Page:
s&p futures down five as they have been for the last hour. i little change in terms of the fx market, in terms of rates markets. of course the bond market will close early today. it will only be open for a half-day, typical of the bond market to get out of work before the equity guys get off of the floor. it has been the commodity markets moving the most. crude it down now almost 2%. $75.53. you have to wonder what is happening in those markets, especially as we see other commodities rise. iron ore was up for another day overnight in asia. big trade in terms of natural gas, down in europe, up in the u.s.. coming up, mercedes carnethon vice chair at the feinberg school of medicine. >> let's get to the first word news. in israel, the health ministry
approved a fourth does of the coronavirus vaccine for highly vulnerable populations. that is a step back from the original plan to give it to everyone 60 and over. the extra shot will be available for people immunocompromised, residents of nursing homes, and patients at hospitals for the elderly. in the u.k., boris johnson's governments at every adult in england has had the chance to receive a covid vaccine booster. it is a critical part of the prime minister's strategy for tackling the omicron variant. still, they caseload is putting more pressure on hospitals. british consumer spending rose 5.9% this year over pre-pandemic levels. according to berkeley, the increase was driven by a shift in experiences at home. spending on takeaways and fast food rose 62% in 2021 while spending on digital subscriptions was up 47%. the fourth quarter is turning out to be a good one for exxon mobil. the company says higher crude order and natural gas who stood
results by $1.9 billion. shares of exxon are up 47% this year and are on track for their best annual performance in at least 40 years. tesla and elon musk may have extras to celebrate new year's eve. record quarterly deliveries in the last hours of 2021. if they succeed, that would cap a year in which the electric car companies market value zooms past $1 trillion. global news, 24 hours a day, on air and on "bloomberg quicktake," powered by more than 2700 journalists and analysts in over 120 countries. i'm dani burger. this is bloomberg. ♪
officials, all of that is contributing to a real undercount in the number of cases we are seeing. outside of hospitalizations and deaths because we can get accurate numbers on those. matt: that was the professor and virologist at the bloomberg school of public health delivering a reality check on our accounting of the pandemic earlier on in the program. we had another day of more than one million -- in fact more than 2 million new infections globally. andy peck auch said it would not surprise him if the real number is 5 million or 10 million. he thinks we are drastically undercounting. if you test positive at home, especially if you don't have to call into sick at work, or even if you do, who will you tell. who are you reporting that too? how is that data getting out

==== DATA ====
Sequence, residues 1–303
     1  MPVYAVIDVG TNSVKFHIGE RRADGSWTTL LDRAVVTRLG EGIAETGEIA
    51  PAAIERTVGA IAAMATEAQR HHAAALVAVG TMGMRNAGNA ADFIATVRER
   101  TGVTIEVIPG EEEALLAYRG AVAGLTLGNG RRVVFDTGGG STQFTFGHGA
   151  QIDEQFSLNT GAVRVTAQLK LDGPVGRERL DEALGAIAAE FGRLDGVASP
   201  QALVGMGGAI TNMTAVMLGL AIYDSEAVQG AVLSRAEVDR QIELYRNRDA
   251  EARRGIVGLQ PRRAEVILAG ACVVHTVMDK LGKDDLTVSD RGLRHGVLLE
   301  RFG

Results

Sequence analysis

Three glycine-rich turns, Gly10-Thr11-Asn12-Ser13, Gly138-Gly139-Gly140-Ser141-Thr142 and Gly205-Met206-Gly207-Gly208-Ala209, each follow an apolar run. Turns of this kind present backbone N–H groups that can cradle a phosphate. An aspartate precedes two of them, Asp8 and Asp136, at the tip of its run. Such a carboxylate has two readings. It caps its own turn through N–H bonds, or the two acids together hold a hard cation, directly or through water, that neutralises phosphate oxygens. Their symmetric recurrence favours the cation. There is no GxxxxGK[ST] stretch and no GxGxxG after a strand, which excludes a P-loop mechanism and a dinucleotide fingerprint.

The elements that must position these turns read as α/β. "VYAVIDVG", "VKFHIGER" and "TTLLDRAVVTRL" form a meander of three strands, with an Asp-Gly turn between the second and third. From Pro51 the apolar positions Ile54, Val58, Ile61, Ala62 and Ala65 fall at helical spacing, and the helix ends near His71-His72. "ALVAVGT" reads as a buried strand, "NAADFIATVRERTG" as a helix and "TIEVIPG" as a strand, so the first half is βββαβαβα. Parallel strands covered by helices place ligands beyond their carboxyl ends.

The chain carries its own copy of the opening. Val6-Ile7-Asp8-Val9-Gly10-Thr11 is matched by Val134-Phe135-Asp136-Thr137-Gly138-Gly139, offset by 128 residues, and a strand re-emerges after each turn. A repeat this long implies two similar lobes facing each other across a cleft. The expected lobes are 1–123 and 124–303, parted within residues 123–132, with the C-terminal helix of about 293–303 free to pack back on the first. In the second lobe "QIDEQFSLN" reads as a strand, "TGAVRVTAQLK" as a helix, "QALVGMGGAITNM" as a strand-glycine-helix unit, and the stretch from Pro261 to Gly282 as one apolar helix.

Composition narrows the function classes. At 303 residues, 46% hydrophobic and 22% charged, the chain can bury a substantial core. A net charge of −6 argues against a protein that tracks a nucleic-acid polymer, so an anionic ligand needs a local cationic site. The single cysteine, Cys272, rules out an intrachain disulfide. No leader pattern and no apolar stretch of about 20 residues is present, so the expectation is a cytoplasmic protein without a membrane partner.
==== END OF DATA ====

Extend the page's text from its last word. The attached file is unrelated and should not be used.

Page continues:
there? as long as you are feeling ok, you will not go to the hospital or probably call your doctor, right? dani: one of the issues also and we were talking about this earlier, the symptoms for omicron tend to be of a more common cold, a runny nose, perhaps you are not even testing yourself. but for the economy, the issue is if you are going out and getting covid, perhaps it is not severe but you are isolating and that has an issue for the labor market. kriti: an factor in that you have several different states giving you different guidance in terms of what you need to go to restaurants, bars, movie theaters, and it does become a story of messaging about what is safe and what should be normal practices. matt: we will talk more in a moment but why don't you run us through what we are expecting today at the open in new york. kriti: light volume and light liquidity seems to be the name of the game. like he said during the entire show, all of the action will be
in the oil market. i want to hit the other markets too. euro-dollar about flat. up went to percent, just barely moving. it went a little volatile in the session. futures for the s&p 500 lower. the 10 year yield basically unchanged, hovering around 150 basis points. the vix at a 17 handle, dropping below a 20 handle for a couple days -- a couple weeks i should say. that will be the key metric into 2022. dani: i just want to point out nasdaq 100 just slipping into the green, matt. so positive news there for tech to round out your 2021. matt: we could see maybe a reversal of what we saw yesterday with gains most of the day and then selling in the afternoon into the close. maybe you will see a turnaround to the into the end of the year. as we all know, windowdressing israel. you see often fund managers stocking up at the end of a